What works better is the characters relationships with each other which are neatly sketched with a lot of emphasis placed on the deliciously dark relationship between Shiori and Sebastian. This plays out in interesting and comedic scenarios where interesting dynamics take place in their engagement and dialogue. Throughout the film Shiori exposes her weakness to Sebastian through her very reliance on him as her servant. Unable to face the same amount of danger, she needs his presence and so she exploits her power over the devilish demon to make him do her bidding even for menial tasks while Sebastian constantly teases her with the fact that he effectively owns her soul much to her displeasure. This creates delicious conversations where they needle each other as the two explore their feelings which include their pessimistic and dark thoughts on humanity.
All of this establishes Black Butler as a live-action movie franchise and provides a great platform for other elements such as what we see and hear.
I’m just a devilish butler.
Where the film really excels is in every other department from the fantastic art and sound direction to the costume and set design. It all creates a campy dark drama and revels in it. Two directors were employed to create the look and execute the action with Keiichi Sato overseeing the visuals of the story Kentaro Otani directing the acting and drama.
Keiichi Sato is an anime director best known for the action show Tiger & Bunny and he brings his sensibilities to bear because the visual aesthetic is crisp and clean and highly stylised. The atmosphere of the film is dedicated to being fun, gothic and slightly morbid (though in a fun way) and very dark thanks to the mix in settings which allows the inventive and playful mixing of styles in the set and costume design.
When not in modern clubs and attending board meetings in futuristic glass-fronted high-rise buildings or having tea parties in grand manors with manicured gardens that look to have been uprooted from their natural European settings (but actually shot in Arita Porcelain Park in Saga Prefecture), the protagonists are out investigating their assignment in grimy back streets and illicit dens of vice and dockside warehouses. Every member of the Genpo household wears elaborate Victorian dress and are all shot from different angles so we can luxuriate in elaborately designed jackets, bows, hats, waistcoats, and goth-loli maid outfits. Shiori and Sebastian do stand out in their Victorian costumes and accoutrements especially when facing off against dapper gangsters with mobile phones and guns who wear in aloha shirts and pin-stripe suits. Indeed, It all feels incongruous but soon becomes fun to watch the clash of fashion.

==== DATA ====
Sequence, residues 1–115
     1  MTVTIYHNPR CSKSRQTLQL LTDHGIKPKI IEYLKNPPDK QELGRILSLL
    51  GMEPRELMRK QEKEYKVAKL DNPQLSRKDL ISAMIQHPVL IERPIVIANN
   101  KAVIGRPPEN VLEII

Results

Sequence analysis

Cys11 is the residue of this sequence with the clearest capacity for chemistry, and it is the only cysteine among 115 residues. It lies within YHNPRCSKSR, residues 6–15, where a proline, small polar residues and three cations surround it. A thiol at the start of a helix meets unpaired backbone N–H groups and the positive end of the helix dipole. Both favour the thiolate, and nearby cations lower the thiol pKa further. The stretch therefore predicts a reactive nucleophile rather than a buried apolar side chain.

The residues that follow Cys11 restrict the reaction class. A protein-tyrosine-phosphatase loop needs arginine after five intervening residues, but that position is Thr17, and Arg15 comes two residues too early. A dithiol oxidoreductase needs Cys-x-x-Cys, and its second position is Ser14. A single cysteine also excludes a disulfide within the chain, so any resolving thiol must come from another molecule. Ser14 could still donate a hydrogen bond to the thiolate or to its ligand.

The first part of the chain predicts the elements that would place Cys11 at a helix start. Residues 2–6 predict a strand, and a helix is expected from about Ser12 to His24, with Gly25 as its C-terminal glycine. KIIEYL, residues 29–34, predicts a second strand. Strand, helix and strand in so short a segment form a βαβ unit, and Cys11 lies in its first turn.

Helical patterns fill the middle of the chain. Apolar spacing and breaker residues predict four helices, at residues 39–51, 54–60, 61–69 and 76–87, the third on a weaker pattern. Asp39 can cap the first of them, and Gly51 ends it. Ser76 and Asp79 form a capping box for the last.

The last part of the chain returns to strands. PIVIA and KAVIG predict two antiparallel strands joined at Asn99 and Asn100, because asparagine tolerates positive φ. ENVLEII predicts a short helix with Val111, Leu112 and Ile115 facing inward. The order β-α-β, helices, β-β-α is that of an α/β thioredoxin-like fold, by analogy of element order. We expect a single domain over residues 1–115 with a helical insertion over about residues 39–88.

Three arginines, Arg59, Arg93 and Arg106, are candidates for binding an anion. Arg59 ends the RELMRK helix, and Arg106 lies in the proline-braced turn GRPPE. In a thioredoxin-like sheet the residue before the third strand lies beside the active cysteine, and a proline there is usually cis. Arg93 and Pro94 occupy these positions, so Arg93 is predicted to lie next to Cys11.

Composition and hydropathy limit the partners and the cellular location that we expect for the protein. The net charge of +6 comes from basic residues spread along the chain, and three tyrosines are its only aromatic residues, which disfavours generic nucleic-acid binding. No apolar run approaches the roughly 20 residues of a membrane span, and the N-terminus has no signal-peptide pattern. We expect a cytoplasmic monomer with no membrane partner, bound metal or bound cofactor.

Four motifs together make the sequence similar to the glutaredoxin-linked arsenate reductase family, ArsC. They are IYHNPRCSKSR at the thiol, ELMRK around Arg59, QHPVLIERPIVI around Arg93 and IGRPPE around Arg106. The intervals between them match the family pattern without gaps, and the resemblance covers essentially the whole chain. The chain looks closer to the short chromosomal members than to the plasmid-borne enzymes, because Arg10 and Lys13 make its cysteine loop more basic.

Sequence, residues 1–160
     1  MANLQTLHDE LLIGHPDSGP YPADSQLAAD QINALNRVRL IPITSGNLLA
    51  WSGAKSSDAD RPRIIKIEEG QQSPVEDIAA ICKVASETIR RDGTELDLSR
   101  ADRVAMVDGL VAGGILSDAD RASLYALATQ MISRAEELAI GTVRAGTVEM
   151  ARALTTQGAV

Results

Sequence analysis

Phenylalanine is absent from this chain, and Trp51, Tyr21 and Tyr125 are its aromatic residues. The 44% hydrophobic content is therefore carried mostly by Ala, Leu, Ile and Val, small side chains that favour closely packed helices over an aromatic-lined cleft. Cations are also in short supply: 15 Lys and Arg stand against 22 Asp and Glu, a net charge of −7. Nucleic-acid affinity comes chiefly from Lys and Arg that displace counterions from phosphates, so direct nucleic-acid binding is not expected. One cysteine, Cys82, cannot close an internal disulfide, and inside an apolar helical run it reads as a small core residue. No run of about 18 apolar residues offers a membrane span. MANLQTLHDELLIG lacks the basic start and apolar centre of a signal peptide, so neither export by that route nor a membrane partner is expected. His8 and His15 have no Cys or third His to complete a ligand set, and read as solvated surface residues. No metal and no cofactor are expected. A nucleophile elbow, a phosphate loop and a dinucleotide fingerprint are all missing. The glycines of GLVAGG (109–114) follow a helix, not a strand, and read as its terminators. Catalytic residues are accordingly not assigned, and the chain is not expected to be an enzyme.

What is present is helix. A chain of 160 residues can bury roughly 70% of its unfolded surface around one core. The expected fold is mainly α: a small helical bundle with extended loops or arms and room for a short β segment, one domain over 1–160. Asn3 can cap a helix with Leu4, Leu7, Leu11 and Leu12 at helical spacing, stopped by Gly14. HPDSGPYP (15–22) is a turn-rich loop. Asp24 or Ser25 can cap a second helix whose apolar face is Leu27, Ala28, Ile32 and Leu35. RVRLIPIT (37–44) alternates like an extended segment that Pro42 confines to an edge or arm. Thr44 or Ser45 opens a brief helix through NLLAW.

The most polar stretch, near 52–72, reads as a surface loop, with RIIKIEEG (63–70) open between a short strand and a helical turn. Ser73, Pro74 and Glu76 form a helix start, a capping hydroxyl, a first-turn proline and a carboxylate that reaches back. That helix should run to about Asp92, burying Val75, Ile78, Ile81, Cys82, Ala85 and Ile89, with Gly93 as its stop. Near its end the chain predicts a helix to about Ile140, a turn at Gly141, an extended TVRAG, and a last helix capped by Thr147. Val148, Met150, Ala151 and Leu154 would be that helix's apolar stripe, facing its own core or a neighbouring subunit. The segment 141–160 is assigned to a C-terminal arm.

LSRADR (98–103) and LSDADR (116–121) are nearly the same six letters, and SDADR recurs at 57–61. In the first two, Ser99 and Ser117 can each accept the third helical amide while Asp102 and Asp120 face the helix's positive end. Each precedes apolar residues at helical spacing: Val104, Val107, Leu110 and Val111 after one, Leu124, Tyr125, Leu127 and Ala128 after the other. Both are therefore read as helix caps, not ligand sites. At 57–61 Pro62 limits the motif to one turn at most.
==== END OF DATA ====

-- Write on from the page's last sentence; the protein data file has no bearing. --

The fashion also serves to accentuate the performances of the acting which completely captures the characters of Sebastian and Shiori. Ayame Gouriki is a naturally cute actress more familiar to me from more upbeat roles such as Akemi Ninomiya in Watashi no Kirai na Tantei (2013) but she gets very serious here and while I was never truly convinced that she could pass as male (she’s too cute for that), she did bring the requisite darkness and morbidity that the role needed as well as proving sympathetic.
While not asked to do anything amazing in terms of acting, she does provide an excellent foil for her co-stars to work with.
Hiro Mizushima is one of the highlights in the film from his action scenes to the more comedic moments. Mizushima underwent intense training and dieting to capture the Sebastian’s movements and physicality and it shows because he is exquisite to watch as he weaves between his enemies in battles with stylish, graceful, and precise movement. I must emphasise how good his action scenes are. I have seen more complex and vicious fight scenes but the sheer grace and energy and fantastic choreography (all captured by direction which is balletic) that makes use of the physical space on display here left me on the edge of my seat and grinning like a schoolboy watching a circus performance.
This excellent sense of movement extends to his more comedic moments such as picking up after the clumsy maid Rin and saving her whenever she gets into a spill. Everything seems to be planned and executed with so much finesse that he really does seem physically incredible and creates the sense that he is a supernatural being and one hell of a butler.
Even more impressive is the sense of the devilishness of his character which he captures with facial expressions and an exquisite voice which, through subtle movements and the sardonic and supercilious overtones respectively, cover up a depth of feeling for his master Shiori.
One of the biggest surprises for me was Mizuki Yamamoto who plays the role of Rin, the bumbling maid. I had previously seen her in The Kirishima Thing (2012) where she played the glam queen bee in the school drama and put in a decent and complicated performance. Here, she transforms into a more comedic and heroic character which revealed she is an awesome action character who made my heart flutter.
Overall, while the script may be clunky the entire experience is an easy pleasure to engage with that does a good job at paying tribute to the original source. Whether the changes are off-putting is down to each individual member of the audience. What is in no doubt is that this is a thoroughly modern adaptation that allows the Black Butler franchise to strike out in new directions. The characters have been captured and a sequel bringing back Hiro Mizushima, Ayame Gouriki and co would be most welcome.